44       1       1,221                   1,222  

Shares withheld for taxes related to net share settlement of equity awards

    (1 )     (1 )     (15 )                 (16 )

Net income

                      2,621             2,621  

Other comprehensive income

                            488       488  

Balance, September 30, 2019

    39,228     $ 39     $ 424,935     $ (326,702 )   $ (1,417 )   $ 96,855  

 

Nine Months Ended September 30, 2019

 
                                   

Accumulated

         
                   

Additional

           

Other

   

Total

 
   

Common Stock

   

Paid-in

   

Accumulated

   

Comprehensive

   

Stockholders’

 
   

Shares

   

Amount

   

Capital

   

Deficit

   

Loss

   

Equity

 

Balance, December 31, 2018

    38,567     $ 39     $ 424,635     $ (328,599 )   $ (1,582 )   $ 94,493  

Effect of ASC 842 adoption

                      (327 )           (327 )

Employee stock compensation plans

    937       1       4,240                   4,241  

Shares withheld for taxes related to net share settlement of equity awards

    (283 )     (1 )     (4,008 )                 (4,009 )

Exercise of common stock warrants

    7             68                   68  

Net income

                      2,224             2,224  

Other comprehensive income

                            165       165  

Balance, September 30, 2019

    39,228     $ 39     $ 424,935     $ (326,702 )   $ (1,417 )   $ 96,855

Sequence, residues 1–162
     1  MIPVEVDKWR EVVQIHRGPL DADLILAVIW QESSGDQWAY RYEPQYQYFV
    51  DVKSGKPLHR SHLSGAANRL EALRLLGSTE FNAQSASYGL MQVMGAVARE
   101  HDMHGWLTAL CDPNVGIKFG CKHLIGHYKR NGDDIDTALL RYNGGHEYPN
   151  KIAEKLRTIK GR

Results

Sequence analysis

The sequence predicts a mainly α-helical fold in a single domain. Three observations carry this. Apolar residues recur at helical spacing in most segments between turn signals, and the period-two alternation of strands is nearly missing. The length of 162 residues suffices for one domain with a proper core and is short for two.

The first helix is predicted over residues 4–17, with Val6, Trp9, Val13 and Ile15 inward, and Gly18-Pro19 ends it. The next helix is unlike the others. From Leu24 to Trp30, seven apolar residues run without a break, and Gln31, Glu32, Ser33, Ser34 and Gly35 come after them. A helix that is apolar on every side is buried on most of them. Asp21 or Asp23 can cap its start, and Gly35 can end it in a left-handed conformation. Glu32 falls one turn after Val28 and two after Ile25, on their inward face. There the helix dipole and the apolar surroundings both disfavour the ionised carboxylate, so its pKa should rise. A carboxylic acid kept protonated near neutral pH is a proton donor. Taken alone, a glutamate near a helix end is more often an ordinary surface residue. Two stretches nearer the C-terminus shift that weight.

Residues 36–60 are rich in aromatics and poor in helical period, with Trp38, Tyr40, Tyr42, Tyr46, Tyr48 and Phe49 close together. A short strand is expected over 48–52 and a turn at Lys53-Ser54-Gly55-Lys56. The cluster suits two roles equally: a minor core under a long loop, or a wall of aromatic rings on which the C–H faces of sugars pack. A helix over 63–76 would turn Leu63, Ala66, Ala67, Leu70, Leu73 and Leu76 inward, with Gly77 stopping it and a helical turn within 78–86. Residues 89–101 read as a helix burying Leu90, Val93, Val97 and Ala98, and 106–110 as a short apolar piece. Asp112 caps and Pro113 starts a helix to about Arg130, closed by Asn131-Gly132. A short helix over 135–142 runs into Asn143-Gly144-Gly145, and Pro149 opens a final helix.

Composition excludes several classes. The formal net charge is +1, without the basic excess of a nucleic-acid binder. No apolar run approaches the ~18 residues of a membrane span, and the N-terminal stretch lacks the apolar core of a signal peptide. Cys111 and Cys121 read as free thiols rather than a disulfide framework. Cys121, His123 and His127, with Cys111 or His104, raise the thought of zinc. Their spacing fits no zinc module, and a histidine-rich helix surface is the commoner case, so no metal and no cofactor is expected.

See accompanying notes.

 

 

 

PRIMO WATER CORPORATION

CONDENSED CONSOLIDATED STATEMENTS OF CASH FLOWS

(Unaudited)

(In thousands)

 

   

Nine Months Ended September 30,

 
   

2019

   

2018

 

Cash flows from operating activities:

               

Net income (loss)

  $ 2,224     $ (56,577 )

Adjustments to reconcile net income (loss) to net cash provided by operating activities:

               

Depreciation and amortization

    21,499       18,365  

Impairment charges and other

    109       68,184  

Stock-based compensation expense

    3,479       2,710  

Non-cash interest expense

    1,005       2,547  

Bad debt expense

    78       170  

Deferred income tax benefit

          (8,907 )

Realized foreign currency exchange (gain) loss and other, net

    (364 )     338  

Changes in operating assets and liabilities:

               

Accounts receivable

    (7,886 )     (5,724 )

Inventories

    (1,907 )     (3,431 )

Prepaid expenses and other current assets

    (185 )     (618 )

Operating lease right-of-use assets

    862        

Book overdraft

    1,144       1,023  

Accounts payable

    4,832       6,523  

Accrued expenses and other current liabilities

    (1,004 )     (796 )

Operating lease liabilities

    (816 )      

Net cash provided by operating activities

    23,070       23,807  
                 

Cash flows from investing activities:

               

Purchases of property and equipment, net

    (18,484 )     (14,200 )

Purchases of bottles, net of disposals

    (3,314 )     (1,596 )

Proceeds from the sale of property and equipment

    855       227  

Proceeds from the sale of Ice Assets

    400        

Proceeds from redemption of investment in Glacier securities

          6,277  

Acquisitions, net cash acquired

    (6,283 )      

Additions to intangible assets

    (29 )     (975 )

Net cash used in investing activities

    (26,855 )     (10,267 )
                 

Cash flows from financing activities:

               

Borrowings under Revolving Credit Facilities

    44,000       29,000  

Payments under Revolving Credit Facilities

    (33,000 )     (29,000 )

Borrowings under Term loans

          190,000  

Payments under Term loans

    (7,125 )     (186,515 )

Payments upon redemption of Junior Subordinated Debentures

          (87,629 )

Finance lease payments

    (2,219 )     (1,190 )

Proceeds from common stock issuance, net of costs

          70,791  

Proceeds from warrant exercises, net

    68       12,150